products and services. Our customers can bundle local phone, high-speed
Internet, long distance and video services. These bundles provide our customers
with one convenient location to obtain all of their communications and
entertainment needs, a convenient billing solution and bundle discounts. We
believe that product bundles positively impact our customer retention, and the
associated discounts provide our customers the best value for their
communications and entertainment needs. We have built a state-of-the-art
broadband network, along with the bundling of our voice, Internet and video
services allows us to meet customer demands for products and services. We
continue to focus on the research and deployment of advanced technological
products that include broadband services, private line, VoIP, digital video,
Internet Protocol Television (IPTV) and managed services.
We continue to evaluate our operating structure to identify opportunities for
increased operational efficiencies and effectiveness. Among other things, this
involves evaluating opportunities for task automation, network efficiency and
the balancing of our workforce based on the current needs of our customers.
In November, 2011 the FCC released proposed rulemaking which comprehensively
reforms and begins a new era in universal service and intercarrier compensation.
This reform order impacts numerous support mechanisms and network access revenue
streams that we have received in the past. While these rules may be altered
based on ongoing petitions for reconsideration and are being challenged through
appeals, we are evaluating them. We cannot predict the entire impact these
regulatory changes will have on our revenue and costs, but do believe it will
increase the historical decline in revenue and profitability of our company.
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Financial results for the Telecom Segment for the years ended December 31, 2012
and 2011 are included below:
2012 2011 Increase (Decrease)
Local Service $ 5,782,218 $ 6,000,257 $ (218,039 ) -3.63 %
Network Access 10,781,356 11,852,688 $ (1,071,332 ) -9.04 %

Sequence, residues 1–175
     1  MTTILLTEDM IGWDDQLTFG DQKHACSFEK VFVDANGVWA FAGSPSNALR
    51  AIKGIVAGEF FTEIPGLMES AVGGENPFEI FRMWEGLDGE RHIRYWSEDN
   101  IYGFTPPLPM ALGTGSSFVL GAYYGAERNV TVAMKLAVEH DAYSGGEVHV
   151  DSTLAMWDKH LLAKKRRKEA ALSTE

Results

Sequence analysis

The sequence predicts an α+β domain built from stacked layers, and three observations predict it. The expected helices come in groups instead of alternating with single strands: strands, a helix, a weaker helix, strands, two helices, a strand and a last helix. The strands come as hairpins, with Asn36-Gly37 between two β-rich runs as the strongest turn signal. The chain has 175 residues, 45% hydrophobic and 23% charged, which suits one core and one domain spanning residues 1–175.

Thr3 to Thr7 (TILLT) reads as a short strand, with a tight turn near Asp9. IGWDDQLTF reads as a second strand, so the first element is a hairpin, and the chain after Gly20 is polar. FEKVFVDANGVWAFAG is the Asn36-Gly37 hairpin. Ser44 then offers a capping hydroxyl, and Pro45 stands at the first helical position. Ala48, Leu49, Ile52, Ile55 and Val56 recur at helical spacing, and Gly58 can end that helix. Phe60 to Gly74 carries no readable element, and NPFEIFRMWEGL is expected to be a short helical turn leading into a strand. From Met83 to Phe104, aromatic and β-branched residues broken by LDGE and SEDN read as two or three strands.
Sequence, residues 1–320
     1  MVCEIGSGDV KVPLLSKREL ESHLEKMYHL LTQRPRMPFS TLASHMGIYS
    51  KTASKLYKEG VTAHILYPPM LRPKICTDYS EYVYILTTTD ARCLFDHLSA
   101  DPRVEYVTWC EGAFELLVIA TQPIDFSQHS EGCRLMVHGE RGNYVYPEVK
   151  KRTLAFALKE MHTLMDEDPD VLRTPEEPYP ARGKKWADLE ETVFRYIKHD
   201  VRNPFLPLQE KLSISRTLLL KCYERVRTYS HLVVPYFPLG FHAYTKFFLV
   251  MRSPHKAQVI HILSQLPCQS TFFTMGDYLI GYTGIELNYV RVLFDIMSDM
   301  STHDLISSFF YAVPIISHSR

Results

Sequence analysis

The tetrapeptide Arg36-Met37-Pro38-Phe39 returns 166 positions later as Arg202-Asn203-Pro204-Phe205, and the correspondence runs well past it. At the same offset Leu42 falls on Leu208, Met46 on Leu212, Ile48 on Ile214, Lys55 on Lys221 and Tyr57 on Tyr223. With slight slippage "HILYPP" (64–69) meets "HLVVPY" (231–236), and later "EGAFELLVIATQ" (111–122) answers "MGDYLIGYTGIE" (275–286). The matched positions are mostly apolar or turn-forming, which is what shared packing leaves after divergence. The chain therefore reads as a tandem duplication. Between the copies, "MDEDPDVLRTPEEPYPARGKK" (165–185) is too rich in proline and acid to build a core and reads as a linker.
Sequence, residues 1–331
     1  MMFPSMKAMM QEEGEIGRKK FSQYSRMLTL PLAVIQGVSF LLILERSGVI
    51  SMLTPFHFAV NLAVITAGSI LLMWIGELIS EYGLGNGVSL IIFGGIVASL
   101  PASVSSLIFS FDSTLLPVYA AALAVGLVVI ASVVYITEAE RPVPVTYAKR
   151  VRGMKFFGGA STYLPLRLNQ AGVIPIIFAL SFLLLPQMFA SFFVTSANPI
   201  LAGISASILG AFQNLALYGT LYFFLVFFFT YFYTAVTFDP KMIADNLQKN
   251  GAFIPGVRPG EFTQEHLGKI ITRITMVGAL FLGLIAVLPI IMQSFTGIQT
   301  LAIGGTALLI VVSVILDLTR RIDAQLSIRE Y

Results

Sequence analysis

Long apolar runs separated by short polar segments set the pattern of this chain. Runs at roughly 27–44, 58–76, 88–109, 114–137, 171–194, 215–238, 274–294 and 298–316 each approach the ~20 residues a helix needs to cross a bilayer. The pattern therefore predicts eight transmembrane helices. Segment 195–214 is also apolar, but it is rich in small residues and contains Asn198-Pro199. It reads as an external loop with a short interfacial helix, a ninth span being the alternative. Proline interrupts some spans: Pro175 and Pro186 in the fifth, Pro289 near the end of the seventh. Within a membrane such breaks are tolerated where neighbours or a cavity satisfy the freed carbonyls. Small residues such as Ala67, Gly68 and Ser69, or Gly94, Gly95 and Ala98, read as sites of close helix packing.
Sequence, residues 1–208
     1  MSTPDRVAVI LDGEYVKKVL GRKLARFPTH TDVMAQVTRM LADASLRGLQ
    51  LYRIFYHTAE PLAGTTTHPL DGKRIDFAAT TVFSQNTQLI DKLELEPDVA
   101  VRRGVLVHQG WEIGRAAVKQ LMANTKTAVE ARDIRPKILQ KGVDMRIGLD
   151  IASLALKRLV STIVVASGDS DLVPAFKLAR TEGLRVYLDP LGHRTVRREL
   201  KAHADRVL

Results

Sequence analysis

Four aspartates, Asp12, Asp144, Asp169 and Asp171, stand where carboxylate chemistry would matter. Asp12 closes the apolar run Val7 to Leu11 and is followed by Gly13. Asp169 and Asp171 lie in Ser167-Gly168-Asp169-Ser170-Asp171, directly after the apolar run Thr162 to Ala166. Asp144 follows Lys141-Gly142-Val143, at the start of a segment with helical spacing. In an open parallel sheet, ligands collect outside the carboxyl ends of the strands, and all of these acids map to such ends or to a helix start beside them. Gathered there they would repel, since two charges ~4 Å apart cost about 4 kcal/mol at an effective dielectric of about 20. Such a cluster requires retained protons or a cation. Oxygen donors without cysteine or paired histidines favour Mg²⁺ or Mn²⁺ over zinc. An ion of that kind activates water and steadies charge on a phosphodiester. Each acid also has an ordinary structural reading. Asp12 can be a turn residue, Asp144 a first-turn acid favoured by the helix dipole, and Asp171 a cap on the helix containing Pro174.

Video 5,969,610 5,658,232 $ 311,378 5.50 %
Data 5,568,000 5,247,963 $ 320,037 6.10 %
Long Distance 607,902 649,404 $ (41,502 ) -6.39 %
Other 3,773,902 3,862,907 $ (89,005 ) -2.30 %
Total Operating Revenues 32,482,988 33,271,451 $ (788,463 ) -2.37 %
Cost of Services, Excluding
Depreciation and Amortization 14,310,030 13,456,756 $ 853,274 6.34 %
Selling, General and
Administrative 6,269,618 6,400,900 $ (131,282 ) -2.05 %
Depreciation and Amortization
Expenses 8,219,749 9,010,393 $ (790,644 ) -8.77 %
Total Operating Expenses 28,799,397 28,868,049 $ (68,652 ) -0.24 %
Operating Income $ 3,683,591 $ 4,403,402 $ (719,811 ) -16.35 %
Net Income $ 3,174,914 $ 2,027,523 $ 1,147,391 56.59 %
Capital Expenditures $ 7,014,135 $ 4,824,204 $ 2,189,931 45.39 %
Access Lines 30,252 26,593 3,659 13.76 %
Video Customers 11,204 10,309 895 8.68 %
Broadband Customers 13,652 10,465 3,187 30.45 %
Dial Up Internet Customers 476 638 (162 ) -25.39 %
Long Distance Customers 15,372 13,530 1,842 13.61 %
Local Service - We receive recurring revenue for basic local services that
enable end-user customers to make and receive telephone calls within a defined
local calling area for a flat monthly fee. In addition to subscribing to basic
local telephone services, our customers may choose from a variety of custom
calling features such as call waiting, call forwarding, caller identification
and voicemail. Local service revenue was $5,782,218, which is $218,039 or 3.6%
lower in 2012 than in 2011. Local service revenue was lower in 2012 compared to
2011 primarily due to a decrease in access lines of 1,055 or 4.0%, prior to the
addition of access lines associated with the spin-off of SETC on December 31,
2012. The decrease in revenues was partially offset by increases in local
private line and other optional services. Our access lines are decreasing as
customers are increasingly utilizing other technologies, such as wireless phones
and IP services, as well as customers eliminating second phone lines when they
move their Internet service from a dial-up platform to a broadband platform.
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The number of access lines we serve as an ILEC and CLEC have been decreasing,
which is consistent with a general industry trend. To help offset declines in
local service revenue, we implemented an overall strategy that continues to
focus on selling a competitive bundle of services. Our focus on marketing
competitive service bundles to our customers helps create value for the customer
and aids in the retention of our voice lines.
Network Access - We provide access services to other telecommunications carriers
for the use of our facilities to terminate or originate long distance calls on
our network. Additionally, we bill SLCs to substantially all of our end-user
customers for access to the public switched network. These monthly SLCs are
regulated and approved by the FCC. In addition, network access revenue is